Tag: travel

Blogging About Motorcycle Travel – For the Rest of Us

Blogging About Motorcycle Travel – For the Rest of Us

Riding close to home
Staying Close to Home

I read a mountain of motorcycle blogs each day. In the last couple of years there seems to be a trend that has emerged across some of them. It is the idea that in order to have an “adventure” you must undertake an epic trip. Preferably on some giant behemoth of a bike with fancy luggage and everything but the kitchen sink strapped to it.

The rest of us knobs putzing around on the tarmac within the confines of the state where we live or the country in which we were born – well, that’s worthy of a pat on the head and an “aren’t you cute with your little motorcycle rides?”

I call “bullshit.”

Now, don’t get me wrong. If you have the time and resources to find yourself in far off corners of the world for months at a time – you are indeed doing something wonderful. I am here to say that no one appreciates the effort people make to write about their far-flung travels and share their photos and routes more than me. It’s the stuff my daydreams are made of.

But… if your time and resources keep you close to home  – don’t you dare feel like you’re doing something less than someone else or that it isn’t worth writing about.

Enthusiasm Trumps Mileage

The more blogs that I read, the more I discover that it’s really the authors enthusiasm that draws me in. Some people can travel across the US or through spectacular alpine passes and manage to write a blog post that is yawn worthy. Others can make their moped trip across town seem like something you’ve just got to try.

Motorcycling isn’t about having to fit into a mold or into an ideal set forth by someone else. It’s about you experiencing your world in the best way that you can. The value in a journey is not solely the number of miles it contains or the borders crossed but in the enjoyment and experiences you come away with.

Motorcycle Blogging For The “Un-Adventurous”

If you’ve been thinking about telling your story but have been holding back because you aren’t in the midst of some tremendous undertaking – don’t!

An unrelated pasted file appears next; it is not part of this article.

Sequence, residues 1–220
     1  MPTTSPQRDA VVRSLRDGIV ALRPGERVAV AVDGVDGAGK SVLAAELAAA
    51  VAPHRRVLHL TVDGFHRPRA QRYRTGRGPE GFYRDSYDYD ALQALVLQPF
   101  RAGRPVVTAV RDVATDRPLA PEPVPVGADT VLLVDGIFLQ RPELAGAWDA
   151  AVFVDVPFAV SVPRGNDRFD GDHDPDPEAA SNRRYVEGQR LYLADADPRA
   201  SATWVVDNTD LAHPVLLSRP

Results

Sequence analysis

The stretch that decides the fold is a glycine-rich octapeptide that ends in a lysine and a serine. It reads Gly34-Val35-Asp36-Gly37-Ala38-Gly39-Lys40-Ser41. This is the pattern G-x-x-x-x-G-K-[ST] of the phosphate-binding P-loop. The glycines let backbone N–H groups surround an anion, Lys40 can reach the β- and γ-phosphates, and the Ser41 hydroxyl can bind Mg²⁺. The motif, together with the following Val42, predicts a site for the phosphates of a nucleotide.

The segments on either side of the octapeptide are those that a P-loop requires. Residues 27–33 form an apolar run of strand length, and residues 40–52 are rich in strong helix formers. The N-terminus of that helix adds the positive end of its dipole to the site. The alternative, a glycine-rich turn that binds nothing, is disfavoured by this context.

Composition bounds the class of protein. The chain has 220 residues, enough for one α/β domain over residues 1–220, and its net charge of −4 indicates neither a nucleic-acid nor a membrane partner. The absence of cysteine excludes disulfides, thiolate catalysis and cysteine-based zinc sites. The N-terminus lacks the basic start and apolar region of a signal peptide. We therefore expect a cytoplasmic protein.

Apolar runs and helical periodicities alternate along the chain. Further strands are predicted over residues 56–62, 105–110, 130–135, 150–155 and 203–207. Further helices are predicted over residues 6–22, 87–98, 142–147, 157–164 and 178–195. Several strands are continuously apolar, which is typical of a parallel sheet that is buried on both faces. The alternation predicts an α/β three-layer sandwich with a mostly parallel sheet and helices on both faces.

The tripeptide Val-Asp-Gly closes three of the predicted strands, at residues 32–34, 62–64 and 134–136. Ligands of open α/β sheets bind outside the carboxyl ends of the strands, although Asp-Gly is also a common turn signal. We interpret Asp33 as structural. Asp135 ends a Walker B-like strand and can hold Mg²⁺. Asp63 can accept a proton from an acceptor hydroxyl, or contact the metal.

The biggest trip you’ll ever take happens every single day that you wake up and complete a rotation on the Earth. There’s your epic trip. Savor each day, enjoy each ride.

So if you’re out there, just a regular “un-adventurous” motorcyclist with a blog who doesn’t have the time to globe trot – it’s alright. Keep loving your life and keep sharing your un-adventures with the world. You just might be surprised to find out how inspiring it is to the people who read your posts.

Motorcycle Travel Scenario: 3 Days, 3 Items, $300

Motorcycle Travel Scenario: 3 Days, 3 Items, $300

It’s fun to daydream about hitting the road. Want to play a little scenario game?

You have 3 days, 3 items & $300Maine World City Road Sign

  • You have $300 in cash for all expenses
  • You have 3 days to ride
  • You can choose only 3 items from home to put in your tankbag

The basic premise of this scenario is that you’re leaving home with just the cash in your pocket.

[edit] Your 3 items from home can be anything at all. Clothing, toothbrush, etc. But you can only pick 3. You can acquire anything else you might want out of your $300 budget on the road.

What else you need to know:

  • You have a camera or a cellphone – but not both.
  • You have a map or gps – but not both.
  • You have rain gear.
  • You happen to have 2 vouchers for overnight stays in motels.
  • You have the toolkit that came with your motorcycle.
  • You have no credit cards.

[edit] The items in the above list don’t count against your 3 items from home.

So, Where To?

From where you live right now – where would you go and what would you bring with you?

  • Would you be able to rely on the help of strangers should you find yourself in need?